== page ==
It's the bottom of the ninth. Full count, two outs and the bases are loaded. I could win the game with one accurate swing. The weight of the world is on my 10-year-old shoulders.
But standing there, staring into the pitcher's eyes, I'm not thinking about the fact that I could win or lose a big game for my team. I'm too worried about after the game -- and mom and dad sitting on opposite sides of the bleachers, their gaze cast down on me like white-hot spotlights.
When the game ends, win or lose, which parent will I go to first?
It might seem like a small-potatoes dilemma for a white suburban child of divorce. But awkward baseball games -- and all the divorce politics that come with them -- are some of my most vivid memories, mostly because they were the most stressful events of my young life. I mean, I could win a baseball game any time, but I had the emotional scarring and heart-breaking of two sets of parents to worry about.
Indeed, baseball games had so little to do with baseball, and so much to do with the divorce. It was as if two warring factions were meeting on the battlefield, and their tactics involved one-upping each other with better juice boxes at post-game snack time. My affection was the spoil of war.
They had their tactics, and I had mine. I took mental note of how many breaks I took with each parent, how many high fives I doled out and at what volume I called step-mom, "Mom." If I was on the mound, I made grinning glances at each of up to four parents between pitches. Seventh-inning stretch involved sitting and talking with each group for such precisely equal amounts of time, it made our supposedly "equal" visitation schedule look like it was organized by, well, children.
I'm not saying I had horrible parents. On the contrary -- both sets molded me into the all-around bad ass I am today. Sure, there were times when one parent would put me in the middle of an argument that wasn't mine to have. But overall my folks had no idea what stress-induced havoc they were wreaking on my young brain.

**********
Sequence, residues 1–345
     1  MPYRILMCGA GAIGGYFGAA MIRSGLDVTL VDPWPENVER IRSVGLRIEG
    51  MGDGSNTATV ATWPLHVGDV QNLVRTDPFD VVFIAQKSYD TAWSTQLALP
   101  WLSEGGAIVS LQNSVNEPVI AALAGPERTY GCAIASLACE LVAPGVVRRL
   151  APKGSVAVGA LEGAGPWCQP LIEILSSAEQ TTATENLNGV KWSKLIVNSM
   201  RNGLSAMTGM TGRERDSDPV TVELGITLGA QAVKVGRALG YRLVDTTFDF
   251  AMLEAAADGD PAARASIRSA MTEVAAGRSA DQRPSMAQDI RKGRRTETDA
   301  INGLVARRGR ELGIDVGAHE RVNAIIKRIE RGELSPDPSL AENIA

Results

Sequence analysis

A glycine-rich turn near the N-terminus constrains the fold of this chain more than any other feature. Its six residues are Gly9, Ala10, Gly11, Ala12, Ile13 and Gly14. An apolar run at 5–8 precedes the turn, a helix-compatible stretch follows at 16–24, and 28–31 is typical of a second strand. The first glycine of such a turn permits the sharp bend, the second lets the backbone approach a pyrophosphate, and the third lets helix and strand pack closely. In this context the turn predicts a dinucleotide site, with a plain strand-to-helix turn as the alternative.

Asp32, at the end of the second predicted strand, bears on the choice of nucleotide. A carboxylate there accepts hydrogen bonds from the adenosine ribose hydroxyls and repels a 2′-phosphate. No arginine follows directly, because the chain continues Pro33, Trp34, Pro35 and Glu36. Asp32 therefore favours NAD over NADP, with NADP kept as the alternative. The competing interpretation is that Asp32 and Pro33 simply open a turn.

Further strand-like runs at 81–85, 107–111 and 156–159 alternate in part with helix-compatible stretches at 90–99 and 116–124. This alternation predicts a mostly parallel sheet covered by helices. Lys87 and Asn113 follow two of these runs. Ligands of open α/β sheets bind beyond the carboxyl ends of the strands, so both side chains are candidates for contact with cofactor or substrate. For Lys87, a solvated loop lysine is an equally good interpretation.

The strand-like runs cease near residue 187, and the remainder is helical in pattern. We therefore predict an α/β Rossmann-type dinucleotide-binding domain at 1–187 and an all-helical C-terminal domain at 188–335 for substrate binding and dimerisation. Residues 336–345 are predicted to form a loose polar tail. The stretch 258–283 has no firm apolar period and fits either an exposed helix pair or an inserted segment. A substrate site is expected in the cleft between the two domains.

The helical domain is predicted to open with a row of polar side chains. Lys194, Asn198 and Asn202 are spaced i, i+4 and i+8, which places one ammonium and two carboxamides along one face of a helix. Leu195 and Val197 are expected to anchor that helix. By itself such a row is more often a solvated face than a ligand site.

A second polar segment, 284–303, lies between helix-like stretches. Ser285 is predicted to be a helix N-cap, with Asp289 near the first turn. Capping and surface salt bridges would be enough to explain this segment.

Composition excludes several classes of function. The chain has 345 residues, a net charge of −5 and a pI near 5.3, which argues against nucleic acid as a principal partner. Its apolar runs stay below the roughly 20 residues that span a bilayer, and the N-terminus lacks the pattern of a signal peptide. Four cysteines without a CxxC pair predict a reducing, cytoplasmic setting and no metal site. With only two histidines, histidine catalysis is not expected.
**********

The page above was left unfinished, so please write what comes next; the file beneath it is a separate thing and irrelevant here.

The awkward baseball game is a prime example of where divorced parents can go very right or horribly wrong with their children. I know that most divorce kids, like me, think about their parents' feelings way more than is readily apparent. I would try not to offend anyone, which weighed on me so heavily it would often bring me to tears.
And that's why the best divorced parent is the one who can see how hard it is for their kids to worry about such frivolous things. The best parent is the one who cares so much about their child that they don't care where the kid sits; one that will love their kid just the same even if he sits with the "other" parent at a thousand seventh-inning stretches.
The best parent is the one who can see that I'm not super excited about my game-winning shot to left-center. My dad approaches the field -- the first parent to see me after my big game -- and pulls a move that should be in every divorced parent's handbook.
"Awesome game, Andy, you kicked butt out there," he says with a smile. "Go say hi to your mother -- I'll be around if you wanna play catch before you go. If not, no problem, we'll play catch on Thursday."
Thanks, pops. Weight lifted.
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